November's jobs report was generally positive, but with some notable caveats. Unemployment is down to 7.7 percent, the lowest since the financial crisis hit, and the economy gained 146,000 jobs. Then again past months' numbers have been revised down, and labor force participation is down as well. Let's dig in, as we usually do, in charts.
Unemployment and Payroll Numbers
It was a generally solid month for both indicators, but that accomplishment was diminished slightly by lower numbers in previous months. Between the September and October revisions, we lost about 49,000 jobs:
Labor force participation
Last month, labor force participation — that is, the percentage of people in the working age population currently working — ticked up to 63.8 percent, an encouraging development. But this month it fell to 63.6 percent, wiping out last month's gains:
The private sector continues to outperform its public counterpart, with the former gaining 147,000 jobs and the latter losing 1,000:
Alternative unemployment measures
As we explain every month,
the BLS releases six unemployment measures. There’s U3, the number that shows up in all the news article, which counts people who don’t have jobs, but have looked for one in the past four weeks, but U1, U2, U4, U5 and U6 exist as well. U1 and U2 are usually lower than U3, and measure the percentage of people who have been unemployed for 15 weeks or longer and the percentage who have lost jobs or done temporary work in the period in question, respectively.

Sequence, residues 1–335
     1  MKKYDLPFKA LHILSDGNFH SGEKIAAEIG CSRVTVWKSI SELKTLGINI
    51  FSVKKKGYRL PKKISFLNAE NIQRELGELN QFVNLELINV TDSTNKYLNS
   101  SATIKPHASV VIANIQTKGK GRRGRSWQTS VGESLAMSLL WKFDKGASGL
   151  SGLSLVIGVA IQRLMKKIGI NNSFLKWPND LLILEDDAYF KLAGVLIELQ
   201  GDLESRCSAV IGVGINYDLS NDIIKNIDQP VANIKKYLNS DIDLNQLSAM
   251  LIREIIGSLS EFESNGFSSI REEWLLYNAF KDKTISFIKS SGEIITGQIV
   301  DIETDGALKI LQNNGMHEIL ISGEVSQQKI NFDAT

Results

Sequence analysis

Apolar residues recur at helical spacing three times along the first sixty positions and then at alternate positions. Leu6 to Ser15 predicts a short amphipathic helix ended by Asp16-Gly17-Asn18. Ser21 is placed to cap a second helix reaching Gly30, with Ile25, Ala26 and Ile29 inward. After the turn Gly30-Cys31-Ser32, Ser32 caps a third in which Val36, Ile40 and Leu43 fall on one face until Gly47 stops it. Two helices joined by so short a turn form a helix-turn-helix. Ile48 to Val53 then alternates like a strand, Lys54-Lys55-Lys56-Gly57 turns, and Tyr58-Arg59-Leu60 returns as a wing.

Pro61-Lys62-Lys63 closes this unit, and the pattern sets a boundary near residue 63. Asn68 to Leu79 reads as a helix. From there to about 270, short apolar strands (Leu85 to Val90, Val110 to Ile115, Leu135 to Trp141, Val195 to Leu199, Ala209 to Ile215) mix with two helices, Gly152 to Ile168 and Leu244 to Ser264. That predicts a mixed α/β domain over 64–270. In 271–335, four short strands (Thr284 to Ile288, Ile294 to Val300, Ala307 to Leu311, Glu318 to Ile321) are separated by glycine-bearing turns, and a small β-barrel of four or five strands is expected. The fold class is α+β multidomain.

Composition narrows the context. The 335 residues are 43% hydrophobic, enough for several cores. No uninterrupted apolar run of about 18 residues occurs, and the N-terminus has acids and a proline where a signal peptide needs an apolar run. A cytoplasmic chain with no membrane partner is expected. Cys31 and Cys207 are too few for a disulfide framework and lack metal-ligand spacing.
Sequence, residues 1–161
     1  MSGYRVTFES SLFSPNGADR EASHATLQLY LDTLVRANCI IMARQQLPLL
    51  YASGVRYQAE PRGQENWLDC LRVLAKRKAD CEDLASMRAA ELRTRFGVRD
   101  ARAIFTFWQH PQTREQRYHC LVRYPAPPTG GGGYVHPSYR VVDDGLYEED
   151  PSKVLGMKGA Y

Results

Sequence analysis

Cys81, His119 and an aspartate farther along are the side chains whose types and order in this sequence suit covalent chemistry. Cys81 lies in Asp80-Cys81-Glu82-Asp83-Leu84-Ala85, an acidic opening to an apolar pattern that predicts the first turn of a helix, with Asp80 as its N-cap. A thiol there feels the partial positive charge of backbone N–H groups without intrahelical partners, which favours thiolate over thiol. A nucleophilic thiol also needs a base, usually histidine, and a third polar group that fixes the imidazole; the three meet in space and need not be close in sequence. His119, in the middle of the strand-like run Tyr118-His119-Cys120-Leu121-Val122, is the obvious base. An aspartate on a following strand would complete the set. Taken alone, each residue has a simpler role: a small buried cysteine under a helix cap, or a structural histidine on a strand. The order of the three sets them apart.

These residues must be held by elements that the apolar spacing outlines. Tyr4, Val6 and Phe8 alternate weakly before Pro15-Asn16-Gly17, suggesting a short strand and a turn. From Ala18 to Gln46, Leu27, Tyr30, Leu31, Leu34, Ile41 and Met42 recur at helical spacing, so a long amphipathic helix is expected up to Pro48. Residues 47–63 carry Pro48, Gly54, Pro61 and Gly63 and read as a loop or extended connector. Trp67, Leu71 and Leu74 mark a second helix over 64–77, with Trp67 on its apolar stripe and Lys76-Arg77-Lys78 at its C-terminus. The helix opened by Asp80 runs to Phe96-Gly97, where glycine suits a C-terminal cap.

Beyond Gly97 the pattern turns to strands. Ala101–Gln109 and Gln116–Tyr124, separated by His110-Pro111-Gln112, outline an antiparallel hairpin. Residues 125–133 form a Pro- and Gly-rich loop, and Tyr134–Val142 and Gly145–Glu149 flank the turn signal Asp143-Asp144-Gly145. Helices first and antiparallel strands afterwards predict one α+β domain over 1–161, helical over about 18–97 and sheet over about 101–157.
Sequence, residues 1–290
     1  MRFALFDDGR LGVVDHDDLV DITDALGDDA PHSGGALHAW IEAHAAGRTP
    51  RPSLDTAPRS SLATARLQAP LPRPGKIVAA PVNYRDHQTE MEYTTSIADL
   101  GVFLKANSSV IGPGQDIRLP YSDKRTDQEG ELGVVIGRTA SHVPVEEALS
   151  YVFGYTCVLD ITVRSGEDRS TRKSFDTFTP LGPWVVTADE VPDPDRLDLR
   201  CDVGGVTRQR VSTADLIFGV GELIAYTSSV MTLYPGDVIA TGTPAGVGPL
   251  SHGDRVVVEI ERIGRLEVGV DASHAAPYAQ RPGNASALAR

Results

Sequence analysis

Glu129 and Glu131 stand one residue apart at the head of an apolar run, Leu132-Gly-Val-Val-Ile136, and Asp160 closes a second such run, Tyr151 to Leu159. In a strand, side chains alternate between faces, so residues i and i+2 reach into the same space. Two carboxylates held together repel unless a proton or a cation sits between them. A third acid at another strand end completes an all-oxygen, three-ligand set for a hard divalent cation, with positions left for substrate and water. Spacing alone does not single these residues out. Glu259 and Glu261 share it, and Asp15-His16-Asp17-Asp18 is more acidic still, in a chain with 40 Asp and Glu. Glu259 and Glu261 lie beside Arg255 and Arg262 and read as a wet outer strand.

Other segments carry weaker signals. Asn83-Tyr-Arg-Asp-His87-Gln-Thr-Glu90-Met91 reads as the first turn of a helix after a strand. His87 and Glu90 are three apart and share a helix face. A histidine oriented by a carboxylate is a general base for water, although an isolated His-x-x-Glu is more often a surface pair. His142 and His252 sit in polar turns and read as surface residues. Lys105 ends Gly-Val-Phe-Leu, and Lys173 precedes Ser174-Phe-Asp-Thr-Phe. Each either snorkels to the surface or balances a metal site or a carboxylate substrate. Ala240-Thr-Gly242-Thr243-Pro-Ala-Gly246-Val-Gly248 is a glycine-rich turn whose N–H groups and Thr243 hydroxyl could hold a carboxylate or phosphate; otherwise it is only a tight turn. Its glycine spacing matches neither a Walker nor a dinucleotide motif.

U4, U5 and U6 are usually higher than U3. Each of these categories includes everyone in all the lower categories: all people in U3 are in U4, all people in U4 are in U5, and all people in U5 are in U6. U4 adds people who have stopped looking for work because they’ve concluded none is available. U5 adds people who would like to work but for whatever reason have not looked for work recently. U6 adds the underemployed, or part-time workers who want to be working full-time but cannot for whatever reason.
Different sectors were hit to varying degrees by the downturn. Construction took the heaviest hit, while health and education were barely hurt at all. Same story this past month:
Private wages continued to grow, but at 1.46 percent last month, probably not enough to outpace inflation: